Second-day success

Since the NFL draft went to a two-day, seven-round format in 1994, no organization has been more successful on the second day of the league's annual college lottery than the 49ers. San Francisco's run of success in the later rounds began immediately with Lee Woodall, a two-time Pro Bowl linebacker who was plucked by the Niners in the sixth round in 1994, and it has continued steadily through the years with the team discovering perhaps a few more second-day draft gems a decade later.

The Niners would like to think 2004 fourth-rounders Isaac Sopoaga and Richard Seigler - both of whom were projected to go earlier in the draft - can follow in the tradition of the team's second-day finds. Punter Andy Lee (sixth round) and possibly even quarterback Cody Pickett (seventh round) also could eventually end up being those kind of picks.

In addition to Woodall, who obviously was overlooked coming out of tiny West Chester University, the Niners have found two other Pro Bowlers on draft Sunday since 1998, with possibly more to come in the near future.

The Niners grabbed Hofstra safety Lance Schulters in the fourth round in 1998, and he was starting in the Pro Bowl for San Francisco by the next season. Fred Beasley was a sixth-round selection that year, and he finally received his long overdue first Pro Bowl selection last season after years of being recognized as one of the NFL's elite fullbacks.

Terry Jackson, a fifth-round pick in 1999, has been San Francisco's top special teams player for years and has been on the verge of Pro Bowl status as the NFC's designated special teamer. The Niners also found Tai Streets in the sixth round that season, and he developed into a two-year starter at receiver before leaving the team via free agency this offseason.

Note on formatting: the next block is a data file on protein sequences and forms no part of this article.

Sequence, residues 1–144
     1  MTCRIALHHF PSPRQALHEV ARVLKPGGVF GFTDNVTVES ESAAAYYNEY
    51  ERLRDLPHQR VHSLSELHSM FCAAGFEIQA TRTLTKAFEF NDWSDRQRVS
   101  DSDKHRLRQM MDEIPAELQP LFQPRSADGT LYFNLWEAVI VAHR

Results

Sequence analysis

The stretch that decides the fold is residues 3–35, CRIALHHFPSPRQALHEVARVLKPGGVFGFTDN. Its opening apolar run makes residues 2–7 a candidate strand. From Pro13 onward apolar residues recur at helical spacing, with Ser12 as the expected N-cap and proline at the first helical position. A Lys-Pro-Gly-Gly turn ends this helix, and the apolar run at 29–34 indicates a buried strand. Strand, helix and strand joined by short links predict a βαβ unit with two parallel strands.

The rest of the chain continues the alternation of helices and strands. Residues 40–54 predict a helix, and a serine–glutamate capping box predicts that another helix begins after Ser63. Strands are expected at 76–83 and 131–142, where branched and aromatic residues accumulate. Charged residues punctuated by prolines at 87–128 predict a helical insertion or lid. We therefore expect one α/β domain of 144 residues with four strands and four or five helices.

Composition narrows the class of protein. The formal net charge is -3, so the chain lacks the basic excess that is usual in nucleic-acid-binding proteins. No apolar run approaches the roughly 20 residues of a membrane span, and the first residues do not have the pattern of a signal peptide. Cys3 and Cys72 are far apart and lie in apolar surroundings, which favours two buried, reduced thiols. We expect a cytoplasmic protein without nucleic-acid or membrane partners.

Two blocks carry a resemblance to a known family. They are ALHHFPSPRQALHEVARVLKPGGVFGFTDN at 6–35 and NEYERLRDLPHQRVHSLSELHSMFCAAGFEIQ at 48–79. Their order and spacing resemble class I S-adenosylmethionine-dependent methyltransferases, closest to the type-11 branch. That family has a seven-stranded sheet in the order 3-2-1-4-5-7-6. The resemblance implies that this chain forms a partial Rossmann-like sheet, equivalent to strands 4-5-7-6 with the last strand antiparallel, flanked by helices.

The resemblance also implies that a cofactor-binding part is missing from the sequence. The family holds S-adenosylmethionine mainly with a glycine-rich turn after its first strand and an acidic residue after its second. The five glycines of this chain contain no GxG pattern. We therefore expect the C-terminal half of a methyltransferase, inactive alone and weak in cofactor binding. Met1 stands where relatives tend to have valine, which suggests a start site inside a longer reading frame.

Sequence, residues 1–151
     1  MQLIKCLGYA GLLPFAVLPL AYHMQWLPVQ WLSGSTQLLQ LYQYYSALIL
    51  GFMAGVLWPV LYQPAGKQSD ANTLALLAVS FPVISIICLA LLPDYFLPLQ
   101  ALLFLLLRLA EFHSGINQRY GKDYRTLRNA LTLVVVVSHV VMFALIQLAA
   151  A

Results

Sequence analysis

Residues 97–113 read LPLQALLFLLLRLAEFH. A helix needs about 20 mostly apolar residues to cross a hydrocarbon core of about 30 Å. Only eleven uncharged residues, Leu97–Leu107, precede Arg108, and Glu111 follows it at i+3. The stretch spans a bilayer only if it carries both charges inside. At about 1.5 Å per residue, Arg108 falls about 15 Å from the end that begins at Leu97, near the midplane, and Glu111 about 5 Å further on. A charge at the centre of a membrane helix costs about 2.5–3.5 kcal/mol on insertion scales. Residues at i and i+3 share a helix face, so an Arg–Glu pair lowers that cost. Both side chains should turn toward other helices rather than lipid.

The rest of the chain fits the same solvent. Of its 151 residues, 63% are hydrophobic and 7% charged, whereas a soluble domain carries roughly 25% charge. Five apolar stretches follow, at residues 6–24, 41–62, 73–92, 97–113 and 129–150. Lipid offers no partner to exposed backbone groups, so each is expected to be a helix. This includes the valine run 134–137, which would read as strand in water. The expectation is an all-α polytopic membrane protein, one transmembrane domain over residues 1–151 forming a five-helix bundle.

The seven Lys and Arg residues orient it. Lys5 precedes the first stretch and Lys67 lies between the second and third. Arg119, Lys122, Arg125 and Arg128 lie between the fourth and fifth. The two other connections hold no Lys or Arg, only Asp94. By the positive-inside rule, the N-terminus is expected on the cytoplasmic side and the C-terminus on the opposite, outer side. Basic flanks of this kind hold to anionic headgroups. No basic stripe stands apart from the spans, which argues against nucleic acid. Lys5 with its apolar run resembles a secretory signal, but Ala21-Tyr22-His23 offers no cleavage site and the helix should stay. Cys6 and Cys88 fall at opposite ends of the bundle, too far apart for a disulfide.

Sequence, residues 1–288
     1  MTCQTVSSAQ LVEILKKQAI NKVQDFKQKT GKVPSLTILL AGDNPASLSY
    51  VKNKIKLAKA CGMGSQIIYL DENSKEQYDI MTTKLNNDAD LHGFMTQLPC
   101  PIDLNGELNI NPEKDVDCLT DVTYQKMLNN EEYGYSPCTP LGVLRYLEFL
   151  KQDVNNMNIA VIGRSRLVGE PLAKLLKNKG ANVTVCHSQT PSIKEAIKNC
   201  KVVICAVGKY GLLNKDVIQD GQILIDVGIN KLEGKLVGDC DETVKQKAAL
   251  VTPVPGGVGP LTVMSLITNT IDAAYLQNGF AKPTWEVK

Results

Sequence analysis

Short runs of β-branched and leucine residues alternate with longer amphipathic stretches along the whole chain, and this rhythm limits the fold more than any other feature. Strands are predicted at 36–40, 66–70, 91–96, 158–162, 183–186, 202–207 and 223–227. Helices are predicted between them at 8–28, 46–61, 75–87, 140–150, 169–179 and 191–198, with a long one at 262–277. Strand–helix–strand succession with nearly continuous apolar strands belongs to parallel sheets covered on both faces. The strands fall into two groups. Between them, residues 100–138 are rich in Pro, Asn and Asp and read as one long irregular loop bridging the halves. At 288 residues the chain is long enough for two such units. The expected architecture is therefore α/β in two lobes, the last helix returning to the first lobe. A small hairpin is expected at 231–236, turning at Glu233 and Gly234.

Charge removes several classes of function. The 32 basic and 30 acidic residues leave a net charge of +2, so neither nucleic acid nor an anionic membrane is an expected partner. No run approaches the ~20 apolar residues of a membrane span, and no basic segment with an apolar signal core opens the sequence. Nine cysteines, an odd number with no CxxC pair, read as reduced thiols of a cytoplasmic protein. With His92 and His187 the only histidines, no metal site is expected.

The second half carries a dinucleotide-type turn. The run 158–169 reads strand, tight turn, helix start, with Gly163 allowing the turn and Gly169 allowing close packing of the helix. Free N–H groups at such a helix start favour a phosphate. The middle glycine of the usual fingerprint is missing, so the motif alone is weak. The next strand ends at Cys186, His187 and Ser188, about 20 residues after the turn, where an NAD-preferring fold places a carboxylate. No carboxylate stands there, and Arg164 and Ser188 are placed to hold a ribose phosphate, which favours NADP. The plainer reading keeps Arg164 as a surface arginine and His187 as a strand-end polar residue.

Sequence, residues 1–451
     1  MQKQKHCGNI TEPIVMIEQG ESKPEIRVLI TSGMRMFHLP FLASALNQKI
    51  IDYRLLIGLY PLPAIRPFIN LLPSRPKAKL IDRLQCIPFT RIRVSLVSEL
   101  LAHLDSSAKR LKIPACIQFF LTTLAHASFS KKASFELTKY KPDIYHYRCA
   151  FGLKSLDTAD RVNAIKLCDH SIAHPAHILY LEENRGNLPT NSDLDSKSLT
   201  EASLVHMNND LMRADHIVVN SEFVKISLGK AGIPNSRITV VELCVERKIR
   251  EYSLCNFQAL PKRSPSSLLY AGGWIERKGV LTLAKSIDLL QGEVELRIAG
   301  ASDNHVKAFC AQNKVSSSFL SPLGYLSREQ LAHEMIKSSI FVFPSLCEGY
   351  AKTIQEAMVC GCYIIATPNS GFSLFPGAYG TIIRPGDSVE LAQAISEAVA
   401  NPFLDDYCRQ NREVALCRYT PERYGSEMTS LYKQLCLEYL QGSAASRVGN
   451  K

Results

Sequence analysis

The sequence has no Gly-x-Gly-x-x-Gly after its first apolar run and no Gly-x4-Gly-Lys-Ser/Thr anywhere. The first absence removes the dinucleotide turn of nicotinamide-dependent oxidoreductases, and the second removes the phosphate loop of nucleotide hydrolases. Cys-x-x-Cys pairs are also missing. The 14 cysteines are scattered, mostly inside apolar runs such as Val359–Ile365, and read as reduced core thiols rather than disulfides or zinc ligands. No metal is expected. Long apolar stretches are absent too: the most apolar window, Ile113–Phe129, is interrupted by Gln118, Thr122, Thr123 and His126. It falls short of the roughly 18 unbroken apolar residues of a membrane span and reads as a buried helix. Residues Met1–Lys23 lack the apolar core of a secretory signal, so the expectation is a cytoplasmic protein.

San Francisco's spectacular 2000 draft was top heavy - the Niners selected five starters in the first three rounds - but the team also found quarterback Tim Rattay and long-snapper supreme Brian Jennings in the seventh round.

San Francisco has had its quarterback named to the Pro Bowl in 16 of the past 21 seasons, so it wouldn't be outrageously surprising if Rattay can someday develop into that kind of performer. And if youngster Ken Dorsey becomes the Niners' top QB instead of Rattay? Well, Dorsey was a seventh-round selection in 2003.

Jennings is the best in the business at his specialty position and, while there's no place on a Pro Bowl roster for long-snappers, his value to the Niners suggests that maybe there should be.

Another possible Pro Bowl candidate of the future - tight end Eric Johnson - was selected in the seventh round in 2001, when the Niners also used a sixth-round pick to take Cedrick Wilson, who is projected as a starting receiver for the team this season.

Starting guards Eric Heitmann and Kyle Kosier both were seventh-round picks in 2002 and, while neither may ever be headed for the Pro Bowl, both are playing at a level well above what was expected according to where they were selected in the draft.

The latest greatest second-day selection may turn out to be receiver Brandon Lloyd, who the Niners stole in the fourth round last year. The acrobatic Lloyd might very well already be the team's No. 1 receiver, and the man holding that distinction in San Francisco over the years often found his way into Pro Bowl appearances.


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